We are grateful to both correspondents for their stimulating comments. The experience of Drs. Schummer with ultrasound is highly informative and potentially useful for preventing both short-term and long-term complications of jugular cannulation. We agree with them that a previous estimation of the left internal jugular vein (IJV) size in our case could have been extremely useful and that alternative venous accesses should have been used.
The calculations given by Khorasani et al. are detailed and intriguing but based on questionable assumptions and partially incorrect. Briefly, they assumed a caliber of the left IJV, calculated a reduction in its caliber, extrapolated a small reduction in flow, and concluded that this reduction could not explain the observed massive intracranial pressure (ICP) increase. 1The caliber of the left IJV in our patients is unknown. It has been reported that the caliber of the IJV is highly variable and that there is asymmetry between the two sides. In fact, the IJV diameter may range from 2.5 to 12 mm. 2,3The assumed left IJV cross-sectional area is based on an article 4in which the authors acknowledged as a limitation of the study the inaccuracy of the method used to estimate the jugular vein diameter. We would be reluctant to apply data from that article to this specific patient. Khorasani et al. calculated the reduction of the left IJV caliber due to cannulation as the difference between cross-sectional areas, which is appropriate for perfectly coaxial tubes, without considering that the catheter enters into the vessel with a slope. The vein wall is thin and extremely deformable; therefore, the geometry at the level of cannulation could have been profoundly distorted.
However, even accepting these assumptions, Khorasani et al. did not consider that the resistance to flow is inversely proportional to the forth power of the radius, if laminar flow is likely to occur. Therefore, in their simplified model, the reduction of the left IJV radius caused by the introducer would cause an 11% resistance increase, rather than a 4.4% increase.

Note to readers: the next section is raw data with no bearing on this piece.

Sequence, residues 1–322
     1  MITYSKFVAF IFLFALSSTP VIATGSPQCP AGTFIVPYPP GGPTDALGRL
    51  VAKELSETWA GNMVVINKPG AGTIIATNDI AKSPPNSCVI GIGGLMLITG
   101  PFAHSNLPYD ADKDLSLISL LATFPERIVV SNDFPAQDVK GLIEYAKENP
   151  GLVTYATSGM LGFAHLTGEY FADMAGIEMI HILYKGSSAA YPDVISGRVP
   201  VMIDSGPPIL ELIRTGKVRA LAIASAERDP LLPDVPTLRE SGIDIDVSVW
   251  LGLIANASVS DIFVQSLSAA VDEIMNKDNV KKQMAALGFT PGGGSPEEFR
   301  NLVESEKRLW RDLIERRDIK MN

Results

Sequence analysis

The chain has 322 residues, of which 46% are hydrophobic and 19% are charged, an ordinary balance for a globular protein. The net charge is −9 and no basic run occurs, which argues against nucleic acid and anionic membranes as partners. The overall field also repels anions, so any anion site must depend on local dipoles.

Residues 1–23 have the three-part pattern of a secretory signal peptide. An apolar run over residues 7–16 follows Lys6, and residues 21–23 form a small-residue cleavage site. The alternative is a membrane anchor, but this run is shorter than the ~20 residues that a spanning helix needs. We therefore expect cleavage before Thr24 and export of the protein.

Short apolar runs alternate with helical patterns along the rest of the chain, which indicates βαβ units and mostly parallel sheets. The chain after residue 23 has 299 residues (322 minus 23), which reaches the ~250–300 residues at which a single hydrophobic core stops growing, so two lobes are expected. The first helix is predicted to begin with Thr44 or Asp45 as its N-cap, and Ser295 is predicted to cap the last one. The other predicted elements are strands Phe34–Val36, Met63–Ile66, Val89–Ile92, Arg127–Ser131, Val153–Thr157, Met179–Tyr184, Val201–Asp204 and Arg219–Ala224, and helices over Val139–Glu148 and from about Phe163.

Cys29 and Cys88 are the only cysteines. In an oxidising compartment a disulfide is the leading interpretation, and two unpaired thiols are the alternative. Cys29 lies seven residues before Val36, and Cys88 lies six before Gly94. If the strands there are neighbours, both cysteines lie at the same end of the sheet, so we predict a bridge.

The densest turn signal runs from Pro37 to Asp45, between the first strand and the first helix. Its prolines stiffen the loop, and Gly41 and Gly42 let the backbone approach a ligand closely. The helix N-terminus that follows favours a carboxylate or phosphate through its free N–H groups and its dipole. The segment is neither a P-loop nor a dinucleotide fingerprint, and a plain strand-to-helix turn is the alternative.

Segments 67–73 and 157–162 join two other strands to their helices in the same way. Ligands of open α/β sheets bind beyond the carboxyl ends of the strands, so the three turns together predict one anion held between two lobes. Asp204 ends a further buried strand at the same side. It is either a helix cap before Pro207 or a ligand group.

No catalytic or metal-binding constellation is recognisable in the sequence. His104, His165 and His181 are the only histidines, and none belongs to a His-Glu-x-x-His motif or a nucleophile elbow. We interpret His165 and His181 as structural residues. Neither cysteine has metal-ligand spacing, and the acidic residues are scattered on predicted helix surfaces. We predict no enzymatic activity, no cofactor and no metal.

Finally, Khorasani et al. state that a 50% reduction in the cross-sectional area is required for almost doubling ICP: This assumption is definitely wrong. Intracranial pressure is not linearly related to cerebral blood flow because it depends on intracranial volumes, including cerebral blood volume, and intracranial elastance. When intracranial elastance is critically reduced, an increase in cerebral blood volume as small as 2.8 ml may increase ICP from 30 to 50 mmHg (assuming a pressure volume index of 13 ml, which is the critical value reported by Marmarou et al. 5). Therefore, a small change in venous outflow can cause a sharp ICP change if cerebral blood volume changes even slightly in the context of exhausted intracranial compensatory mechanisms.
The response of the intracranial vasculature to an abrupt ICP increase is complex and usually implies a marked vasodilatation to keep cerebral blood flow constant despite the reduced cerebral perfusion pressure. The opposite happens when the venous outflow improves, because an increase in cerebral perfusion pressure could induce vasoconstriction, which may explain the “overshooting” of ICP after removing the introducer. 6We cannot prove this assumption in our clinical case because we did not measure blood flow and intracranial elastance; therefore, we propose our interpretation of the facts as probable rather than proven, as we specified in our case report.
We believe that increased resistance to blood flow in the IJVs due to vascular cannulations remains a potential cause of sudden and deleterious ICP increase.